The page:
With fifteen minutes to kill between deliveries I went to Dave's Records. Unfortunately I arrived at 10:58am, two minutes before they opened.
A pawn shop just north of Dave's Records piqued my curiosity. Just the other night after the Rush show, the band had a drink at Corcoran's. We sipped our beers with Scott, an improv guy I've known for ten years. The subject of pawn shops came up, and the band admitted to never having frequented one.
"I'm surprised," Scott observed, "with you guys being musicians and all."
We all nodded as Scott continued.
"There's a lot of broken dreams in there."
Thank you, Scott.
I guess our dreams are still intact for the moment.
The pawn shop's buzzing door revealed a fluorescently lit prize wonderland. It was reminiscent of the old Wheel Of Fortune, when winning contestants had to spend their winnings immediately on a revolving carousel of crap. What the pawn shop lacked in ceramic dalmatians and wall barometers, they more than made up for in knock-off Stratocasters and the jewelry of victims. With an about-face I was buzzed back to the icy sun of Lincoln Park.
It was five after eleven when I returned to Dave's Records. Unfortunately they were still not open.
The talk at Corcoran's that night had turned nostalgic about the record stores that used to dot Lincoln Park like currency exchanges: Dr. Wax, Wax Trax, 2nd Hand Tunes, which had a vinyl shop separate from the CD and cassette shop. There was also a place just south of The Wiener Circle that sold budget LPs and a large selection of bootleg concert videos on VHS.
Now there's just Dave's Records, and they don't open on time.
The McDonald's on Clark and Wrightwood piqued my bladder's curiosity. I hadn't been in that McDonald's since the early 90's, and I hadn't urinated since I had coffee with breakfast this morning.
It was a sunny autumn day in 1991 when Greg, Dan, Rob and I pulled into that same McDonald's parking lot. We were 16 and 17 and clearly from the suburbs. Greg had hockey hair, Dan was going through a Manchester faze, Rob wore a leather jacket with shorts, and I donned my brand new Samhain Initium shirt, depicting Danzig and his pals covered in blood. It would be a fun day of spending our disposable teenage income on records.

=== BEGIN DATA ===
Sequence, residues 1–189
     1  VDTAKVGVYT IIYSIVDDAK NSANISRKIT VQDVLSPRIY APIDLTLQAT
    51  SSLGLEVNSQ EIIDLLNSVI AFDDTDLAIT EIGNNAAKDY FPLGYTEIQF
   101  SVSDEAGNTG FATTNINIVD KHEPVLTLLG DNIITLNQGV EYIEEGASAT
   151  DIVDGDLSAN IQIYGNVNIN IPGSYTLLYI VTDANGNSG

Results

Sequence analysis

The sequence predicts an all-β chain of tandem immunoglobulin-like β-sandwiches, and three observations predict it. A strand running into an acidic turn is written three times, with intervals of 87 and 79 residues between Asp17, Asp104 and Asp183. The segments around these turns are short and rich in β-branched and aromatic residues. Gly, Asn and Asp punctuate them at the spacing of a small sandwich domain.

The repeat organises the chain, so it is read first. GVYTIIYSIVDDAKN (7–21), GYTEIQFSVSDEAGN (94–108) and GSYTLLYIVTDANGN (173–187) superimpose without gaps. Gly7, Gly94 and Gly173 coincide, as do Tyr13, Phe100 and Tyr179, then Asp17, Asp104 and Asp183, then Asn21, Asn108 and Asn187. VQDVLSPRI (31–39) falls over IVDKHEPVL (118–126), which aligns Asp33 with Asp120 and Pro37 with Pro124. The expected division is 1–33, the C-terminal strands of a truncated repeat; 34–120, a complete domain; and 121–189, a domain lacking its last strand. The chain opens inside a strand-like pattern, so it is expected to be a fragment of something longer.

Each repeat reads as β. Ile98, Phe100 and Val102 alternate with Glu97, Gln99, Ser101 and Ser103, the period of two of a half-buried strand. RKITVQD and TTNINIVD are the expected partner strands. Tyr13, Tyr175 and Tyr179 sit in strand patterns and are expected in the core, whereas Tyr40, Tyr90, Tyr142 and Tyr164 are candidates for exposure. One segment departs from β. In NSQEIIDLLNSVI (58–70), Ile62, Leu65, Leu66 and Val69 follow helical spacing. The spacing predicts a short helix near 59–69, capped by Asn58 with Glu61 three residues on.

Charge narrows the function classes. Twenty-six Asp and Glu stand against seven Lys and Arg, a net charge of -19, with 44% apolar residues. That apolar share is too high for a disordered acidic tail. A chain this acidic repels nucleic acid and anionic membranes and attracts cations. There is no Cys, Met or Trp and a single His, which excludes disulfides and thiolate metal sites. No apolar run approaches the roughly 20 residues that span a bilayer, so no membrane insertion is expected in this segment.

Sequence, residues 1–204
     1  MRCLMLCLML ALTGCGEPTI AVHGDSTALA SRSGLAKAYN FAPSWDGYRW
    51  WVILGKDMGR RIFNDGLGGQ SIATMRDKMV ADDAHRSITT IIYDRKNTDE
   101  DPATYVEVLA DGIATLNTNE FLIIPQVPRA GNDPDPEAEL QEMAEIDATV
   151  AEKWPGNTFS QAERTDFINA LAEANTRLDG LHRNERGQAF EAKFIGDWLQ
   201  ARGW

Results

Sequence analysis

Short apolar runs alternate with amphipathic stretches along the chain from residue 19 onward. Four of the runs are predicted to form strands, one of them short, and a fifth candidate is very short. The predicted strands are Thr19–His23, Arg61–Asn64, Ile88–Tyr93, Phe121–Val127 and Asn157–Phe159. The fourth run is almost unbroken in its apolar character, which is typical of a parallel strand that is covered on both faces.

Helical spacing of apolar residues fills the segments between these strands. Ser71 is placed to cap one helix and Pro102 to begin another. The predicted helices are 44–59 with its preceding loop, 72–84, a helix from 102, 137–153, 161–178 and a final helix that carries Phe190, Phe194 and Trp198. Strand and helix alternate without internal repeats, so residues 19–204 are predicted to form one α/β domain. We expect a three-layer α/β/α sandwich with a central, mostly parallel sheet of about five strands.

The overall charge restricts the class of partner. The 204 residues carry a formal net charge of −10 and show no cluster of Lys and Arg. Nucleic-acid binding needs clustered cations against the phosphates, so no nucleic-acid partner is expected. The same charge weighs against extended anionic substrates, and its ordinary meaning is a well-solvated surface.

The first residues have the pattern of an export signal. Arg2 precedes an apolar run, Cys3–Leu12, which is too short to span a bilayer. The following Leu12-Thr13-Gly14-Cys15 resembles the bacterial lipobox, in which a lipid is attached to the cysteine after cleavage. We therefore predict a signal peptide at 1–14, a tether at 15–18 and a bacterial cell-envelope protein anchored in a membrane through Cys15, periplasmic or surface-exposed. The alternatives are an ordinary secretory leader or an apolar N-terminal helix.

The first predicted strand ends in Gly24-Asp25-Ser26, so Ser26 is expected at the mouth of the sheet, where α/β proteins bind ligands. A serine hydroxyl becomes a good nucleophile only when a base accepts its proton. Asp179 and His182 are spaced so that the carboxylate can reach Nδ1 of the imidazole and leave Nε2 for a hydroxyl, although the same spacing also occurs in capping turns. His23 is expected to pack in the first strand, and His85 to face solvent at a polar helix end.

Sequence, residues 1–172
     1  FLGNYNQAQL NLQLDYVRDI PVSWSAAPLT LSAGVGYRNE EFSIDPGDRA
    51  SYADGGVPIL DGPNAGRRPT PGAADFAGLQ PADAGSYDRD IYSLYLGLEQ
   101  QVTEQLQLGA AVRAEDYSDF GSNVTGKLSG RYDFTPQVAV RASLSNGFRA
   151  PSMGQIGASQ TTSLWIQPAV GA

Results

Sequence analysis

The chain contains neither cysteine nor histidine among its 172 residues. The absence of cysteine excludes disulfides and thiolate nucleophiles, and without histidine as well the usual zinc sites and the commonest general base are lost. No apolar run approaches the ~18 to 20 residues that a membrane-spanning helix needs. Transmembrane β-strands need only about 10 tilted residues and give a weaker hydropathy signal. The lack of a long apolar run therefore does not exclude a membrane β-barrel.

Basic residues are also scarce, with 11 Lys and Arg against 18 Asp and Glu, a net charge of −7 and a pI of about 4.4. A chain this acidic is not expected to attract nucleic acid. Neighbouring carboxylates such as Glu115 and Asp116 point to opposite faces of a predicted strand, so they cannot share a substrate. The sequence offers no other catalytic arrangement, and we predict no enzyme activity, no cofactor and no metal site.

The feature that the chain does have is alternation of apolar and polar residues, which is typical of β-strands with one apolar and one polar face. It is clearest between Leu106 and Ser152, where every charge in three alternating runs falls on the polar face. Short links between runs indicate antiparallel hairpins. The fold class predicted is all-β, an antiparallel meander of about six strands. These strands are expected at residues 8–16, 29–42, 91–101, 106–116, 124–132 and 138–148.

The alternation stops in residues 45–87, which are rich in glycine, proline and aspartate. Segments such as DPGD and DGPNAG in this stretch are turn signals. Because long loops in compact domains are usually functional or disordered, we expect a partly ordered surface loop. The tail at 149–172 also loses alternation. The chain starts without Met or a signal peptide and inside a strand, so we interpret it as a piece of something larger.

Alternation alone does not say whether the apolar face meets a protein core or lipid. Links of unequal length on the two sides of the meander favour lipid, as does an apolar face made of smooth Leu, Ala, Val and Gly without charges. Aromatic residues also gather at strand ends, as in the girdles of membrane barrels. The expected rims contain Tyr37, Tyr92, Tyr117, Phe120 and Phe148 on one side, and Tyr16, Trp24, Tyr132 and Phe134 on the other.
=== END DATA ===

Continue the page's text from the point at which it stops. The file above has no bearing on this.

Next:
At McDonald's we ordered soft drinks, then headed on foot toward the records shops. A guy in the parking lot yelled something at us and we chose to ignore him. After all, how important could it be? We were going record shopping.
That day I purchased my first Misfits album, Legacy of Brutality, buried in a shady row of the vinyl 2nd Hand Tunes. It would add a gasoline-soaked bail of cotton to the fire of my blossoming Danzig worship. Later at Dr. Wax, I found the Who bootleg Who The Fuck? for an unbelievable $5. It remains my favorite Who bootleg of all time.
I couldn't wait to get home and listen.
When we returned to McDonald's, of course Greg's car was gone. Someone inside McDonald's gave us an address for E&T Towing, located just west of Ashland near Clybourn. Pointed in the general direction, we followed a xeroxed map as the sun began to set.
We felt like idiots.
Because we were.
I imagine we walked west on Wrightwood for a mile and a half, and talked about the different types of idiots we were. E&T was located behind a Wendy's. The Wendy's still stands today. E&T does not. It was a dirty towing yard on a polluted river inhabited by greasy know-it-alls with rap sheets and the upper hand.
The teachers of life's lessons didn't resemble the teachers in our high school.
It was going to cost $70.
We didn't have it.
This was before ATMs and cellphones.
So Greg used the pay phone at Wendy's to call his Dad, who begrudgingly agreed to wire money to a currency exchange in Wicker Park. Dan and Rob stayed at Wendy's while Greg and I made the trek to get the money.
Greg and I walked another mile south Ashland. It was an ugly stretch of road, under the viaduct of the Kennedy, and past a bunch of crappy nothing. I remember seeing a neglected concrete playground rotting behind a rusty, molested fence. It gave me a false sense of comfort